Calloused Hands [117 Trip Chronicles]
About a week after I got home from Ethiopia, I noticed the skin peeling off the inside of my palm. Calloused skin from using the leather punch was a reminder of the hard work that goes into making the products at Carry 117. It reminded me of a truth that I witnessed at Carry 117 - that working hard to make something brings dignity and empowerment. As an occupational therapist, one of the things I know is that being able to work and provide for your family is one of the core values that gives someone self-worth and respect. Some of my fondest memories of being in Korah are those I spent at the worktable with Abay. I made a conscious decision to pick one place to sit that week and invest in building a relationship, while also hoping to be a little helpful.
Sometimes the ladies are busy working to build up the inventory so that there is enough new product ready once it gets promoted. In the sewing room, parts of beach bags are being assembled by Meskerem, Medi, and Hareg, while wine bags are being trimmed and turned right side out by Tiruso. But this day, in the cutting room, the pressure was on to complete a special order of earrings. The teen girls from Kidane were working hard but they needed some help to get the order completed in time to ship. Hundreds of earrings were due by the end of the week. So we jumped in to hole punch and to package the earrings alongside the teen girls.
So, it was in the cutting room, sitting alongside Abay and Rahamet, that I spent cutting, punching, bending, counting, and packaging. It was there that I experienced the kindness, hospitality, and strong work ethic of the women of Carry 117 . At first, Abay wasn’t too sure about me. I could sense that she was apprehensive to have me touching the products. She takes great pride in making sure the items are cut well and the leather is of the best quality. I am sure she wondered if I was just going to make more work for her. Having been coached to welcome us, she kindly allowed me to give it a try.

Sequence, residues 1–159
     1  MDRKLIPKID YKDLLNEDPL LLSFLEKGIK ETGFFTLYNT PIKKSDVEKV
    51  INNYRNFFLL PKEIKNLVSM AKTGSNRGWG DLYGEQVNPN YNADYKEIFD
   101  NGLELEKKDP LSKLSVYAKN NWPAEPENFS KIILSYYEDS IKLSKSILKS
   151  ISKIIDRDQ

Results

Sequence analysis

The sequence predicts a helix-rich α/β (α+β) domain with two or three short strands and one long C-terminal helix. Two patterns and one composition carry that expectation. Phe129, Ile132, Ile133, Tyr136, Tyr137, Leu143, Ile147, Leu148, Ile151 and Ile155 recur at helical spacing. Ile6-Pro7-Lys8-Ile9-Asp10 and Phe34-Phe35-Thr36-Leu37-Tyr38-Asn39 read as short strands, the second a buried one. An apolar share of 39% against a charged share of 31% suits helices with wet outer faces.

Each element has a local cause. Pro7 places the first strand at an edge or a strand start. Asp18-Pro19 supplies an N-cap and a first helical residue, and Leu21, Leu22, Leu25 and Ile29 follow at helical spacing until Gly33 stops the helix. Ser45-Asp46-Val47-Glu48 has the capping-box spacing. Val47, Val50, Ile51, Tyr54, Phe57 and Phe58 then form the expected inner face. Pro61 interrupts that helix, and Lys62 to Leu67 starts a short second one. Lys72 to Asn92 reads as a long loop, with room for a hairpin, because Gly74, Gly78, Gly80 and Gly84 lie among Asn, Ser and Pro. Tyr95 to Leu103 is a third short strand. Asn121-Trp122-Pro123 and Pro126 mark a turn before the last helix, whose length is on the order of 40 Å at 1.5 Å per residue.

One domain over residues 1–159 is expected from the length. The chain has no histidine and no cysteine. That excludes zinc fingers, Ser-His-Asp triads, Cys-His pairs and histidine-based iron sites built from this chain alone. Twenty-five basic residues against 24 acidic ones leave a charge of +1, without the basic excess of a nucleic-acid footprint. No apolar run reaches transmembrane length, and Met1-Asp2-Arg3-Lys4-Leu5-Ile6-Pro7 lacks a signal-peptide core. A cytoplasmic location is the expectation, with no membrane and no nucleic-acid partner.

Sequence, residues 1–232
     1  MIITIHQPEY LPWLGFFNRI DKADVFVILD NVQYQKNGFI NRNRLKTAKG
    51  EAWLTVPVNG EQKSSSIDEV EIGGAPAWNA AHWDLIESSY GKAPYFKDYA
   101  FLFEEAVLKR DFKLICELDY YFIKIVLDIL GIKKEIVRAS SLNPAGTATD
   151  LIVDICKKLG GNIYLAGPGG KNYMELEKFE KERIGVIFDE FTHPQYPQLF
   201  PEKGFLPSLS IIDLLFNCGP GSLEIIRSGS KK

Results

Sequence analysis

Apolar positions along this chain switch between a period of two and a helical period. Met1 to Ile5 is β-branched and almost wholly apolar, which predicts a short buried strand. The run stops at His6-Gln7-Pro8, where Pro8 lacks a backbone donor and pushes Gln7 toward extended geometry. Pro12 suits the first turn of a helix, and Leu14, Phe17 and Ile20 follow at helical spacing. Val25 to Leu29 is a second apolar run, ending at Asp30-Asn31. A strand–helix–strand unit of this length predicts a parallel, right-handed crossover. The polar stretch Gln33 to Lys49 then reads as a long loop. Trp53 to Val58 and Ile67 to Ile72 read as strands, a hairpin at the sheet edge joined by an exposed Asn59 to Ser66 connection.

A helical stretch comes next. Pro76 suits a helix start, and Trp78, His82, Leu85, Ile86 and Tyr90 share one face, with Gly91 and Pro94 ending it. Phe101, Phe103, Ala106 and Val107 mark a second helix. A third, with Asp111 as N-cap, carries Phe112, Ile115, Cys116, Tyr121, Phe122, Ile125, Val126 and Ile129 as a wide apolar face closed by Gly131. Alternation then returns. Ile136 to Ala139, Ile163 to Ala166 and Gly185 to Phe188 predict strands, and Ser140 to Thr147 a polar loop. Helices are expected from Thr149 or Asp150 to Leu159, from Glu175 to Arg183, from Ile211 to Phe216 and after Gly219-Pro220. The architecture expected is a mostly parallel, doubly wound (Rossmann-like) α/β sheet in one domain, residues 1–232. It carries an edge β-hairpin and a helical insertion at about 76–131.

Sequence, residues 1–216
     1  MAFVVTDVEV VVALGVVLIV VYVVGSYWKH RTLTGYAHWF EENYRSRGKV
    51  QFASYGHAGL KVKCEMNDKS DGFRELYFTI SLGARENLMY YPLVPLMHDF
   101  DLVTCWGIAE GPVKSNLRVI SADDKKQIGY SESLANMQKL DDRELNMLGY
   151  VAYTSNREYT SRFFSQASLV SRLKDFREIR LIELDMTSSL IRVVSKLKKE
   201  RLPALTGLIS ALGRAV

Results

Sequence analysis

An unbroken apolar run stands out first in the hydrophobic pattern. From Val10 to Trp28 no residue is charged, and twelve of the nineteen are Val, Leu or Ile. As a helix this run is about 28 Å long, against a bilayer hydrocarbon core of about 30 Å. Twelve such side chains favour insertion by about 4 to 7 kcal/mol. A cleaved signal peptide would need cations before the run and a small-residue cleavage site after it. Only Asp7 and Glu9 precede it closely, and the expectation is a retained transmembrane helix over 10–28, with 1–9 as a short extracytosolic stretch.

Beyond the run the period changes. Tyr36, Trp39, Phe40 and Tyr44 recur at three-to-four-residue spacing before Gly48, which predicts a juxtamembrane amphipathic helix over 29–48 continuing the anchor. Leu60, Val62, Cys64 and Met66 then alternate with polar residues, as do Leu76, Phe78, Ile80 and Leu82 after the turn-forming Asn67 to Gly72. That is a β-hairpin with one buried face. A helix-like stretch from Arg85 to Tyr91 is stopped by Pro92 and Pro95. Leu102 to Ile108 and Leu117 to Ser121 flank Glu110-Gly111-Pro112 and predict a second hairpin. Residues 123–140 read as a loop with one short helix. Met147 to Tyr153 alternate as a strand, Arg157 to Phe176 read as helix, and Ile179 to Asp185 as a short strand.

Once she realized that I was capable, the walls came down. Sometimes we worked in silence, completely focused on our task at hand. But often, we would try to talk, occasionally with the help of a translator, sometimes using her few English words and my very few Amharic words. We bonded over sharing information about our families, something that always connects mothers worldwide. One afternoon, I audibly counted off 100 pairs of earrings, getting help from both Abay and Rahamet. They were so excited with my effort at Amharic. Feeling so accepted and loved made me want to work even harder.
When I asked Abay what she would want my friends back home to know about the women of Carry 117, she thoughtfully responded, “Tell them that we work very hard.” And that, they do! My calloused hands were evidence of that. Jeff Goins, in the book “Wrecked,” tells how the word “compassion” means to suffer with someone. While I can hardly say that having blistered hands is truly suffering, working alongside Abay did give me a picture of the hard work that goes into the products of Carry 117 and helped me connect with them on a deeper level. Many times I went to pick up the leather punch and my hands were sore and tired - I could have just quit and gone somewhere else. But I wanted to stick with it as a symbol of my solidarity to the women of Carry 117. The women rightly take great pride in their skills and how hard they have worked for themselves and their families. They put great effort into producing quality products. If they can do it, I can do it along with them. Even if it was just for a short while, it was a great privilege to be part of the working team at Carry 117.